Ok, so Man of Steel first. Man of Steel was the first official movie of the DC Cinematic Universe. Before we even start, the title itself gives a serious tone difference. It’s not Superman. It’s the more gritty title, Man of Steel. Now let’s get back to that Batman thing: As the Nolan trilogy was so successful, the first place the DC movies tried to find their identity/voice was in the grittiness of Batman. While that’s one way to look at it and it’s at least some sort of identity, be the dark version while Marvel is light-hearted, it doesn’t work because the whole point is that Batman is the grittiest part of of the DC universe, so to have everyone JUST as gritty as him was a little intense and didn’t really feel like DC. Ergo there’s this sort of identity crisis, because none of these characters except Batman really feel like themselves. I won’t even get too into my personal rant about how in the comics/cartoons Superman killing people is always a much more culminating, terrifying thing than the climax of a first ever movie. It’s a major plot point that any of the few times Superman ends up killing someone it basically drives him over the edge into insanity/totalitarianism, so the ending of Man of Steel is a lot to handle. Batman is grim and shadowy, but Superman is meant to be the more hopeful of the two and is often called the boy scout of the group. Though showing a grittier side of him is cool, the movie seems to take it too far and basically make a totally different character.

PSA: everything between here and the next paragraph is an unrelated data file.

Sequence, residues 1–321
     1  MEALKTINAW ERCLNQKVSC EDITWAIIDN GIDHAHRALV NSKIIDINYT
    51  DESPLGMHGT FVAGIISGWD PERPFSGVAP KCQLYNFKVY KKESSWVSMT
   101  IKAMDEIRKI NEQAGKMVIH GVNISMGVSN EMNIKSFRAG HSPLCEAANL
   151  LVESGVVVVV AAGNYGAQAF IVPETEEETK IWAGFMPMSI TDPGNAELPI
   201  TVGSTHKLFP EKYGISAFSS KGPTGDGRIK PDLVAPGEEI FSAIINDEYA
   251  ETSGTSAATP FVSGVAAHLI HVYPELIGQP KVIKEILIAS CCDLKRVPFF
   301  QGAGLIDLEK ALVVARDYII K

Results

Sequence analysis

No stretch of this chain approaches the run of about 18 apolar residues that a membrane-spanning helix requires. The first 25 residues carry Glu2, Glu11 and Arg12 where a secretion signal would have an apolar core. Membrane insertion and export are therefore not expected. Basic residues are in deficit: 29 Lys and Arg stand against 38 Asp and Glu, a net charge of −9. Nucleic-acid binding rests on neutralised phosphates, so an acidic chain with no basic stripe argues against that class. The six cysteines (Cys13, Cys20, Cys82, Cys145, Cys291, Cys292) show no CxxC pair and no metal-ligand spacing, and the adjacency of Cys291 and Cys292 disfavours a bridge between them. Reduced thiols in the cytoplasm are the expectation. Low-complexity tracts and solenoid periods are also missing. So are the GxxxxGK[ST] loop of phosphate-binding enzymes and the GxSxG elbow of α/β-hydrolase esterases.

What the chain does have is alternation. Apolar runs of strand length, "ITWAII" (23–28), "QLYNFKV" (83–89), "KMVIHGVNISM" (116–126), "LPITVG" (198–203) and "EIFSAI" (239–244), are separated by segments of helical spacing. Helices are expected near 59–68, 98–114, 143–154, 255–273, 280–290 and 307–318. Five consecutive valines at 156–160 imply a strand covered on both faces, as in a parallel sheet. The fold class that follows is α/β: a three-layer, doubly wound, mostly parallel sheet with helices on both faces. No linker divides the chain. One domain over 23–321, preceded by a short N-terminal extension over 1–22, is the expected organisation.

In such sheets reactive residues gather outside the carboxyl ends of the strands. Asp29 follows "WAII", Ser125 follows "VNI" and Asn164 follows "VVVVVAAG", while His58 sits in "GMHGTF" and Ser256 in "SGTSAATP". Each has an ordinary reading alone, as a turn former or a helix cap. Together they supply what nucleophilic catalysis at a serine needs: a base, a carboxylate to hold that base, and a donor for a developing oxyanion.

Then there’s Captain America. The first Cap movie, Captain America: The First Avenger, focused a lot on Cap finding his own morality in the role he had been given. Was he a symbol, a soldier, a friend, a hero? He was finding his place with the cards he had been dealt. Now, let’s think about the internal turmoil of Superman during Man of Steel. Eerily similar description of character arc, eh? Except, you know, in the end of The First Avenger Cap makes the ultimate sacrifice and is a truly hero, while Superman destroys a whole city and kills a man, saving people but also causing horrible mass destruction and terror. Supes is the edgy, gritty one, get it guys?